Tag Archive: Yoko Ono


Eros

Barenaked Ladies

If you’re my age (which is 31 – I can no longer be trusted), you probably remember the Barenaked Ladies. They didn’t fit any profile of rock stars, and you weren’t really sure if they were a gimmick band, a serious band, or somewhere in between. They had a gargantuan smash hit with “One Week” in 1998, which I bopped along to the first 100 times I heard it, and was completely sick of the 101st (which was in the same week as the 1st). Seriously, this song was everywhere. Besides being on my CD player (I’m one of the 4 million who bought Stunt), it was all over the radio, in movies and commercials, and blaring in the convertible next to me and my sister at a stop light. We were blaring it too, by the way…

Despite no one having heard of them one week before “One Week” came out, they had actually been around for 6 years, debuting in their native Canada in 1992 with Gordon. It had only three standout tracks: “Brian Wilson,” “If I Had $1,000,000,” and “Be My Yoko Ono.” The third is about a guy who wants his girlfriend to follow him around everywhere he goes, and would even break up his band and give up rock and roll stardom just to be with her. The lyrics include a pun on Ono (”oh no!”) and Ed Robertson doing an amusingly accurate imitation of Yoko’s trill voice effect.

To delusional Beatles fanatics who just can’t admit the truth or let things go, Yoko Ono is responsible for breaking up the Beatles. She’s a demonic witch who cast a spell on John Lennon, making him quit the band, keeping his spirit and his penis in a box for her own purposes and crushing his soul, meanwhile crushing everyone else’s souls by depriving them of the greatest rock and roll band that ever lived. Yadda yadda yadda…

Here’s the juice. John found something with Yoko that was bigger than the Beatles: eros. That’s one of the Greek words for love – the passionate, sexual and romantic love humans feel for other humans. I don’t just mean a roll in the hay, to use a rather innocent term. While sex is definitely involved, that’s only part of it. What John and Yoko had, and what literally billions of other couples have, is a deep, abiding and eternal connection that surpasses words. That connection is physical, emotional and spiritual all at the same time, and it is the most important and momentous thing a person can have with another person. Eros, despite what those Yoko-hating fanatics will tell you, is bigger than the Beatles.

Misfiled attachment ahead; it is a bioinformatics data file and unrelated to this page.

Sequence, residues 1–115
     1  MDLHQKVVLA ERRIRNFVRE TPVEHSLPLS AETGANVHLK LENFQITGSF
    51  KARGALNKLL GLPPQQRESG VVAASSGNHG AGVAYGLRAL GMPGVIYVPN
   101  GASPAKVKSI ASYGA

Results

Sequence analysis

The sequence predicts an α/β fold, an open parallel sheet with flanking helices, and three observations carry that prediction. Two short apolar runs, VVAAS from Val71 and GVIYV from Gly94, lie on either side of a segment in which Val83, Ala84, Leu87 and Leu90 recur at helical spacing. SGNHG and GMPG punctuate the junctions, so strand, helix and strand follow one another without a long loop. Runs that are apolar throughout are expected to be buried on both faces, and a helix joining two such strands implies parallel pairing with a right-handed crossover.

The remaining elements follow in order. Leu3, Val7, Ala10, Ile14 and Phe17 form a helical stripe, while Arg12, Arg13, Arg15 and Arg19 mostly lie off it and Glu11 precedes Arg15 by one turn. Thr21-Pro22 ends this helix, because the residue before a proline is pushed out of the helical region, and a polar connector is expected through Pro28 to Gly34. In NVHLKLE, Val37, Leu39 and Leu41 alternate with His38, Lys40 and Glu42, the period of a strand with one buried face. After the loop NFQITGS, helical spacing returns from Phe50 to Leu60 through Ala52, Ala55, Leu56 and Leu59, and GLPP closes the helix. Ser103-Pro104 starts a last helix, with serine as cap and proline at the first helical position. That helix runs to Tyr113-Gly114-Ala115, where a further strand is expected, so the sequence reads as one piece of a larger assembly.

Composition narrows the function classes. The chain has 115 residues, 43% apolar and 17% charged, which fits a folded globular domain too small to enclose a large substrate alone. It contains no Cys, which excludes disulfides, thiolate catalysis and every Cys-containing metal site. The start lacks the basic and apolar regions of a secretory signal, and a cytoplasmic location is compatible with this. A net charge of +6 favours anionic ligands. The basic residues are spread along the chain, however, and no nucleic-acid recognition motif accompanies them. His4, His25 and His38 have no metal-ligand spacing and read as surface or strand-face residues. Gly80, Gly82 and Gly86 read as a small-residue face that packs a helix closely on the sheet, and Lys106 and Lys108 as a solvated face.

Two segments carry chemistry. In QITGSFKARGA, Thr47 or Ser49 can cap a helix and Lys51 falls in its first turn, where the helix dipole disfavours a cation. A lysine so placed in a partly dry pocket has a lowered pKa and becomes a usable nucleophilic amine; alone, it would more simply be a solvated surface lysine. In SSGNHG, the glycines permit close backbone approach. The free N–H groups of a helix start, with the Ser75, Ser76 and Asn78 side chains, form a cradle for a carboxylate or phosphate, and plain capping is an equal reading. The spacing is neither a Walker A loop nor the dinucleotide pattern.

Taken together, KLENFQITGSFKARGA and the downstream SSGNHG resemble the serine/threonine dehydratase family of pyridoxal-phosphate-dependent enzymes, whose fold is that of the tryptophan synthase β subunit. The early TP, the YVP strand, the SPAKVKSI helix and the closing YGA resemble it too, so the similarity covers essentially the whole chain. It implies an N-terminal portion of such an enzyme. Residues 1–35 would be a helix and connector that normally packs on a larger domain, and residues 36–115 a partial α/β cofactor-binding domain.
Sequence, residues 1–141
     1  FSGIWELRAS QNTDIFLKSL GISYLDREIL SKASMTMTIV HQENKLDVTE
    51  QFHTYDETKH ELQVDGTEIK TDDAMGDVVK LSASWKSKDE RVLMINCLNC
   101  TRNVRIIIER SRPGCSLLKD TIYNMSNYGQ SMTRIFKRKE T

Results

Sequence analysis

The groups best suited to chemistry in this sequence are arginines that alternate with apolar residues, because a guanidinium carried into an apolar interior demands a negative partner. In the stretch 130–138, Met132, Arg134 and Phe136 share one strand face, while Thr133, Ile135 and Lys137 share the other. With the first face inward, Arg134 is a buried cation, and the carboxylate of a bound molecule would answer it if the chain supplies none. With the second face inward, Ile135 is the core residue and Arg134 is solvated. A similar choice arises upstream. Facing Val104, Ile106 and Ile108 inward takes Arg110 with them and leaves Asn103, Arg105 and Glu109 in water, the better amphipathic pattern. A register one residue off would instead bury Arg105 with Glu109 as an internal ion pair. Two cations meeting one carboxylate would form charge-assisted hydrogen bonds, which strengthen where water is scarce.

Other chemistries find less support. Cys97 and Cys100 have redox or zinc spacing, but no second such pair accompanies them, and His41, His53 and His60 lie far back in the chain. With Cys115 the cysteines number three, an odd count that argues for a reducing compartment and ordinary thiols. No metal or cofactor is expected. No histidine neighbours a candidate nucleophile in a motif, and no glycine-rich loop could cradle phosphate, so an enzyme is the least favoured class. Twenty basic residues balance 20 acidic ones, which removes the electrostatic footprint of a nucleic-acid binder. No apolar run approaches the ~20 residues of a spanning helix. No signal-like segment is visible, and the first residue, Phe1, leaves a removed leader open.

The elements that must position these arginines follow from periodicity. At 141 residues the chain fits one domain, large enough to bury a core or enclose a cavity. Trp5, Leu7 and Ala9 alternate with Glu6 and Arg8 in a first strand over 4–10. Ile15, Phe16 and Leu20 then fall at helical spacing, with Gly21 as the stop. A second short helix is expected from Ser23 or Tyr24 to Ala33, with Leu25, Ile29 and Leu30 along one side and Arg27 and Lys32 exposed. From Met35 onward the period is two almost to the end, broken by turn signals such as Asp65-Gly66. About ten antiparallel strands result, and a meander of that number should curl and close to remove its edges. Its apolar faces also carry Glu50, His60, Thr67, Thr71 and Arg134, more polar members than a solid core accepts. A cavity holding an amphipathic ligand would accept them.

“Oh My Love” captures a large part of the essence of eros. It’s a very simple and sweet song, disarming in the way it floats down slowly on the listener. The song is pretty short, so it’s easy to miss its soft and uncomplicated loveliness. John says his “eyes can see” and his “mind can feel.” It talks about trees and sky and clouds and wind (Yoko has been trying forever as an artist to film the wind), and how John never really experienced any of them before he met Yoko. The simplicity of the beauty here takes my breath away.

Eros, when misused, can turn to zilia, or “jealousy” to us American folk. John experienced that, too, and talks about it in “Jealous Guy.” Though it’s probably addressed specifically to Yoko, it’s really an apology from anyone who’s hurt anyone else in the past. This is probably John’s most naked and honest song, more so than anything on Plastic Ono Band. The first verse lays completely bare in the simplest of terms the progression that ends with John’s destructive behavior. John was always given to jealousy, and it sometimes manifested in the most violent ways. But when he met Yoko, something changed in him; not just his behavior, but his mindset, which gives rise to behavior.

But the ultimate statement of love between the two comes in the form of the song “Oh Yoko!” The arrangement is stupidly simple. The song has five verses, yet only one word is changed from verse to verse, and the chorus is merely one phrase repeated. But by God, if this isn’t one of the prettiest, most touching and gosh-darned lovely songs in the entire world. John reveals here that he just a huge, lovesick puppy dog. If this doesn’t melt your heart into a gooey and flower-smelling puddle, you may as well move to Tibet and become a monk.

days after John’s death, Rolling Stone ran this cover without comment

In all honesty, John’s had a lot of bumps in the road. His volatile personality with the press, his statements about Jesus, his egocentric habits, and his lack of respect for the Queen of England are unfortunate, but those things all fade. The things that last are his enduring spirit of harmony, his dogged quest for mutuality and peace, and of course his eros.

Next: What’s the most epic record of all time?

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Strawberry Fields

The Washington Arch at WSP